The fossil-fuel burning power plants, factories, vehicles, and buildings we’ve already built will, if operated normally over their full lifetimes, almost certainly warm the Earth more than the Paris Agreement climate target of 1.5 degrees Celsius (2.7 degrees Fahrenheit), a new study concludes.
The implications are striking: To limit warming to 1.5 degrees Celsius, not only should no new fossil-fuel-using infrastructure be built, ever again, some existing power plants need to shut down early-and yet today many new power plants are under construction or planned.
“Our study is dead simple,” said Steven Davis of the University of California, Irvine, a co-author of the paper published in Nature. “We wanted to know what happens if we don’t build any more fossil-fuel-burning stuff as of 2018.”
To answer that question Davis and colleagues looked at all the emissions from electricity, energy, transport, residential, and commercial infrastructure as of 2018. They then estimated the total “carbon commitment”-the future CO2 emissions from those structures and devices, based on the average number of years they’d be in service.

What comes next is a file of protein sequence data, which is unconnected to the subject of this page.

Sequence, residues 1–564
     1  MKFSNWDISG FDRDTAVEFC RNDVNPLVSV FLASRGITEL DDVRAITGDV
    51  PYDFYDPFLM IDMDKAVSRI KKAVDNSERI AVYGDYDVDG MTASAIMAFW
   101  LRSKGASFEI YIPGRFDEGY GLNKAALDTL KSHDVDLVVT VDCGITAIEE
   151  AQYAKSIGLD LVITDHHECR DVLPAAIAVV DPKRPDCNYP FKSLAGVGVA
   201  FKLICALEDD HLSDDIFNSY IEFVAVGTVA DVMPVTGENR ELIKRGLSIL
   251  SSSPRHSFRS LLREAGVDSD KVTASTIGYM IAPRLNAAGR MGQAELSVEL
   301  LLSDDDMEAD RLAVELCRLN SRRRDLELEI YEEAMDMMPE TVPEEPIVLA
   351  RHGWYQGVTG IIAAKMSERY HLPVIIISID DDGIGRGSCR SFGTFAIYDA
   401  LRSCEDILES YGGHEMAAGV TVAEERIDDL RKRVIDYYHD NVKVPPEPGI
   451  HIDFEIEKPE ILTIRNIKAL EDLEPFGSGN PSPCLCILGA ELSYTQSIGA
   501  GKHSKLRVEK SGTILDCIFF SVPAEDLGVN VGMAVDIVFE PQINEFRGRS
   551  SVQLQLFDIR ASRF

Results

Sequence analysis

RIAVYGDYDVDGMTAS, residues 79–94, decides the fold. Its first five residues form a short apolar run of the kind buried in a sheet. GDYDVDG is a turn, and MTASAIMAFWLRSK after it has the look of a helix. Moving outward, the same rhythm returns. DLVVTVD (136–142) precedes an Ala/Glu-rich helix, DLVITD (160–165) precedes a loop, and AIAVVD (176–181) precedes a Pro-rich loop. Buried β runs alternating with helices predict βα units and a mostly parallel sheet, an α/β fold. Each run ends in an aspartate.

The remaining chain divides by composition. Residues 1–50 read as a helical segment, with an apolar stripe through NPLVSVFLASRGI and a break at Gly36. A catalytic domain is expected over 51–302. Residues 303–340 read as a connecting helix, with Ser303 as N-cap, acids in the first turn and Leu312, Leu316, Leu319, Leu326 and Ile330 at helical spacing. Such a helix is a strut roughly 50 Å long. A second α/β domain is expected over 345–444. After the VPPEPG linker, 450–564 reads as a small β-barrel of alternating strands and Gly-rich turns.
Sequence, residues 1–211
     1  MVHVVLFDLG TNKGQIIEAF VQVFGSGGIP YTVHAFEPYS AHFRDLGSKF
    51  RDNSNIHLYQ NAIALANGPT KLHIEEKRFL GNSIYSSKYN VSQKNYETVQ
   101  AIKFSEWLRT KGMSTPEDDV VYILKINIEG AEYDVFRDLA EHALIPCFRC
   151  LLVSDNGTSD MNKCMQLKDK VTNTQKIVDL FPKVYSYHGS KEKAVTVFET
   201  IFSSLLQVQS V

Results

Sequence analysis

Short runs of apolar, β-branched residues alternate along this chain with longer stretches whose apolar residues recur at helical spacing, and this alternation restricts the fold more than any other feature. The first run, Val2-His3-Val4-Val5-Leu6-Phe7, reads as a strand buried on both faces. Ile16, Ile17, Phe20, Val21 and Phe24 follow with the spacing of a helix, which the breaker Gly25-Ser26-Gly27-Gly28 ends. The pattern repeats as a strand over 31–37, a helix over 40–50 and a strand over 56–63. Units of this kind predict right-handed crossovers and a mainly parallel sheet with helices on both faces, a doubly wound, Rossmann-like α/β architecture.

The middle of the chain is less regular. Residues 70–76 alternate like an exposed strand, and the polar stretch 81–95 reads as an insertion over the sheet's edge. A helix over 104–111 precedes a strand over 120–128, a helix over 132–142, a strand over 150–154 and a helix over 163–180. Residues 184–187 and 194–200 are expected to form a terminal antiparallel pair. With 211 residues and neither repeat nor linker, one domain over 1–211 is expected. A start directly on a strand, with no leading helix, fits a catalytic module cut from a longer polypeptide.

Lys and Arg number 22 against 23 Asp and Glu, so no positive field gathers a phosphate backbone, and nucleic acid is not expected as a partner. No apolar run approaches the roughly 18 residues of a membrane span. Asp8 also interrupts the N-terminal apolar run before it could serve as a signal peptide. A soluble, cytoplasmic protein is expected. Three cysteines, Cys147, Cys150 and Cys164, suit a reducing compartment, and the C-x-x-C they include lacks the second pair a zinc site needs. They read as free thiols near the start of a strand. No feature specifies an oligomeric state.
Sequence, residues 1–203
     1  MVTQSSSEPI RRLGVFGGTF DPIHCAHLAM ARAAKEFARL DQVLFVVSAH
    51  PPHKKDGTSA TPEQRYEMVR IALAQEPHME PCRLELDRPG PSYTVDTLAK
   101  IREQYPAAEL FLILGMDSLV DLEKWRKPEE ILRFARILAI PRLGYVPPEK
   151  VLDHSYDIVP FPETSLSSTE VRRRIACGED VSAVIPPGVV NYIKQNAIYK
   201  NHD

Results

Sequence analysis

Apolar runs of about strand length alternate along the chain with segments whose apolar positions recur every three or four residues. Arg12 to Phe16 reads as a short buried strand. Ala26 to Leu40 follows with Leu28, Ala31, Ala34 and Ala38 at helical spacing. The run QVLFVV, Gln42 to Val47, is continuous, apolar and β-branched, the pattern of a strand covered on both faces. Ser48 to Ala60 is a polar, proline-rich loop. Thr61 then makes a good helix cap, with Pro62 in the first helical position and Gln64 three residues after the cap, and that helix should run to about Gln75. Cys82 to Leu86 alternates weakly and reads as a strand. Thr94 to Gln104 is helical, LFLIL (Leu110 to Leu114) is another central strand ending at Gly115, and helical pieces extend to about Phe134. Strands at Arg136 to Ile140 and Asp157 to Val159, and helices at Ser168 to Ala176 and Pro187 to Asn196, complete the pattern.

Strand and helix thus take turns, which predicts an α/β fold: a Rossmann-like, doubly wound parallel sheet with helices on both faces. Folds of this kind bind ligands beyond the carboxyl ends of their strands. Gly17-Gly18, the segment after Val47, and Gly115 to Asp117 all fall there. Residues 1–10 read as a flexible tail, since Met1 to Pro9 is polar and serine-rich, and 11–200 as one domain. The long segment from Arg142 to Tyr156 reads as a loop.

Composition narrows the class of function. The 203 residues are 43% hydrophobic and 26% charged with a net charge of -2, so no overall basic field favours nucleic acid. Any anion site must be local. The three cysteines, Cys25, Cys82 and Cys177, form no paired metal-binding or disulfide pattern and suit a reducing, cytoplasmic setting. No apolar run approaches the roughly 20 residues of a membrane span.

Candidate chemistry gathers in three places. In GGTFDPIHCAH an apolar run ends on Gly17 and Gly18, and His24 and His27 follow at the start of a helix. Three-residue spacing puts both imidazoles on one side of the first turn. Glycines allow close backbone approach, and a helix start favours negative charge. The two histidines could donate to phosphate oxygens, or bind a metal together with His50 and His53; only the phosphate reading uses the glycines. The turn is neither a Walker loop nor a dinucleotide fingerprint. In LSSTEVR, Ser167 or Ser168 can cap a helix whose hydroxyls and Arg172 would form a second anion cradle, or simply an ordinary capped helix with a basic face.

A new coal plant built today, for example, will emit millions of tons of CO2 every year throughout its 40-year lifespan. A new car that emits four tons of CO2 a year has a lifetime carbon commitment of 60 tons based on a 15-year lifespan. Although some of that CO2 gets soaked up by forests and oceans, most will remain in the atmosphere, trapping heat, for hundreds of years-unless we deploy technologies to suck it back out again.
Add up all those lifetime emissions from existing infrastructure, Davis and his colleagues estimated a total carbon commitment of about 658 billion metric tons of CO2. That’s 78 billion tons above the maximum the Intergovernmental Panel on Climate Change, or IPCC, says can be emitted to have a better than 50 percent chance of stabilizing temperatures at 1.5 degrees Celsius of warming.
Because the study does not include all sources of CO2 emissions, its projections of the challenge posed by our carbon commitment might be considered conservative rather than alarmist.
It doesn’t include emissions from agriculture, deforestation and other land-use changes, which represent about 24 percent of total emissions today. Nor does it include the considerable emissions involved in getting fossil fuels out of the ground. To get oil from Canada’s oil sands, for example, requires the burning of nearly one-third of the country’s natural gas production.